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Soybeans are Surviving the Heat July 24, 2011

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A heat wave has gripped the entire country; however, the Follow Farming soybean field looks great.  Summer heat can stress out the plants but we have received regular and adequate rain falls which helps the plants survive the high heat stress.  Check out our field.


Watching for Weeds – Farmers always have something to do June 20, 2011

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Keeping an Eye Out for Weeds

Now that the soybean seeds are in the ground, you may think that farmers have nothing to do. Not true! We are keeping a close eye on our field for weeds and to make sure the seed get through the soil.

Soybeans Starting to Emerge June 12, 2011

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Our soybeans were planted five days ago and are just starting to pop through the soil.  We have great moisture content in the soil right now so there is no problem with the beans getting stuck under a hard soil crust.  

pushing through the soil

As you will see, the beans are in the emergence stage (VE); not quite to the cotyledon stage (VC).  The link below will provide more technical information.  http://www.extension.umn.edu/distribution/cropsystems/components/5701a.html

Planting Day – See the Soybeans Go in the Soil June 8, 2011

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After a spring of extremely wet weather, planting day has finally arrived.  The soil has been prepared and our local farmer, Nathan Smith, is planting soybeans.  Take a look…

  • A High Tech Ride Inside the Tractor Cab — Ride along inside the tractor cab.  See what it looks like outside the front window. Get a bird’s eye view of the soybean air seeder.  And hear Nathan explain the technology which helps him be more efficient.
  • Watch the Tractor and Planter Work Across the Field
  • Ran Out of Seed — A reality for every farmer.  The air seeder is runs out of soybeans and it is time to refill.
  • Getting More Soybean Seed — Take a look at the hopper used to transport the seed from Morral Companies back to the field.  Again, an efficient way for farmers to quickly transport seed and get back to planting crops.
  • Filling the Planter — Back in the field, our local farmer will fill the planter so that he can get started planting again.
  • Back to Planting — We are putting soybean seeds in the prepared ground.  The prepared soil bed looks great.  There is good moisture in the ground.  With a little patience, our soybeans should be sprouting in 5-7 days.

Field Conditions – May 27th May 27, 2011

Posted by jprettyman99 in Project Updates, Uncategorized.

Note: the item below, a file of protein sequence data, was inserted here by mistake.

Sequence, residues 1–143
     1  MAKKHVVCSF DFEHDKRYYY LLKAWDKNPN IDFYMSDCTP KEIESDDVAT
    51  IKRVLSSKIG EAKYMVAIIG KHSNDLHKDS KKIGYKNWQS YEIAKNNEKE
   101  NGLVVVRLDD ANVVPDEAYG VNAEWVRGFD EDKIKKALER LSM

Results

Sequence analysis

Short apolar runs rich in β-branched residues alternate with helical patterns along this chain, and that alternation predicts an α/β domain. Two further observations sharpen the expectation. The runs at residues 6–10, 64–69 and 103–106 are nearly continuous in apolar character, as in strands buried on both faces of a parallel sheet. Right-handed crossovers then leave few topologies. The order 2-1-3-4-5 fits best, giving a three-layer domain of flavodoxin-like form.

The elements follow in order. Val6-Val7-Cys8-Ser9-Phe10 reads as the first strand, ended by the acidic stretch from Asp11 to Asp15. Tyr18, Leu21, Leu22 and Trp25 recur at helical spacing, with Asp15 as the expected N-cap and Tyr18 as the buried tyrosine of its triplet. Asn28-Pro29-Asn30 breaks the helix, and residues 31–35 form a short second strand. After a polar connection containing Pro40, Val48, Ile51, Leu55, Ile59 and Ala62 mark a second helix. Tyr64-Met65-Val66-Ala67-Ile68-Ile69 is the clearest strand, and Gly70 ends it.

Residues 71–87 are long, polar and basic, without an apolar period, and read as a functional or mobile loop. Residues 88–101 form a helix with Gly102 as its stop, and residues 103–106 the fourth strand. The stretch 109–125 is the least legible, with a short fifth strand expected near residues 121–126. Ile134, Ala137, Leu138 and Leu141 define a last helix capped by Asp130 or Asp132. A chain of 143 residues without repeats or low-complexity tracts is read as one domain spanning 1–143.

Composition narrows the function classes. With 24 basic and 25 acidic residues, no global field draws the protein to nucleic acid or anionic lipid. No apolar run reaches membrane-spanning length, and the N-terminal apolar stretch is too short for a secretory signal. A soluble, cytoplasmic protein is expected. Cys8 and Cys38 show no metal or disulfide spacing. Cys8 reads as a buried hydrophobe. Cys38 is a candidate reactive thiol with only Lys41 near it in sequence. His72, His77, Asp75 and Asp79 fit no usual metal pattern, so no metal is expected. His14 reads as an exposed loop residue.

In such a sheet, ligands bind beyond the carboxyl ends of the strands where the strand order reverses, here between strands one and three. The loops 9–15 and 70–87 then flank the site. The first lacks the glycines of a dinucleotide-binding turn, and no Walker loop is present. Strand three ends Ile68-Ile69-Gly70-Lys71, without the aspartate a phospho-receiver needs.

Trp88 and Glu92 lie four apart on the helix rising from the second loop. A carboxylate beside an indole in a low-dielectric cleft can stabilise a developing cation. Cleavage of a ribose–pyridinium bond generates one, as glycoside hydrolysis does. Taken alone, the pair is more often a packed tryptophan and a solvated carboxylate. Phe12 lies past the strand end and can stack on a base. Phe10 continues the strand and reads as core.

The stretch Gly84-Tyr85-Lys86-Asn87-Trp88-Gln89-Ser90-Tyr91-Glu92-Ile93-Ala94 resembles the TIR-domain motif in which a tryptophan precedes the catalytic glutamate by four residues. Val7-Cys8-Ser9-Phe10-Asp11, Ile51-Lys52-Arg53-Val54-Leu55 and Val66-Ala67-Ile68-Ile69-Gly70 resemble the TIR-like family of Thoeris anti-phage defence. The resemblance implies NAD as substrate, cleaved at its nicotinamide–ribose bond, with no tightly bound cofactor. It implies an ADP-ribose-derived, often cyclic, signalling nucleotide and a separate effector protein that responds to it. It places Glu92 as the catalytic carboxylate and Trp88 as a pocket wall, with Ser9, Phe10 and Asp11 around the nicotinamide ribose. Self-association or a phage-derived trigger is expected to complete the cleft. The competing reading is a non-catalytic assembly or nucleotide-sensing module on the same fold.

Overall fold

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Our field has received more than six inches of rain just in May so the soil continues to be completely saturated with water laying in ponds. We have recently made the decision to change our planned crop from five acres of corn and five acres of soybeans to all soybean crop. We decided it is just getting too late in the growing season to plant corn. Farming is full of decisions and risks. This spring’s weather is just one example of both – decisions and risks.

Farmers from across the state met this week at the Ohio Department of Ag to discuss the delayed planting season. Below are three quick quotes from the discussion. Check out more information at the Ohio Farm Bureau website. 

Ramey – We have 11% corn in the ground, usually have 80%. OH has never been this far behind in the history of OH crop reporting.

Lozier: May rainfall currently 170% of normal, not counting last night. Stream flows literally off the charts.

Zehringer: Farming is not for the weak of heart, we are risk takers, we are entrepreneurs.

Update on Field Conditions March 21, 2011

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A quick stop at the field today showed that field conditions are starting to dry out.  The soil is looking good. When we walked out on the field, there are areas which are soft enough that you sink in an inch.  A few small areas of the field are starting to dry out enough that the top layer of soil is dry.   As farmers, we are five to six weeks away from planting.  Field conditions look good and we have no concerns about the soil at this time.

The next few weeks will busy for farmers in the Marion, Ohio area.  This is the time of year farmers are:

  • getting seed (corn and soybeans) delivered to their farm or picked up from the seed dealer
  • finalizing nutrient, weed control, and pesticide plans for the field, and
  • preparing tractors, planters and other equipment for the spring season.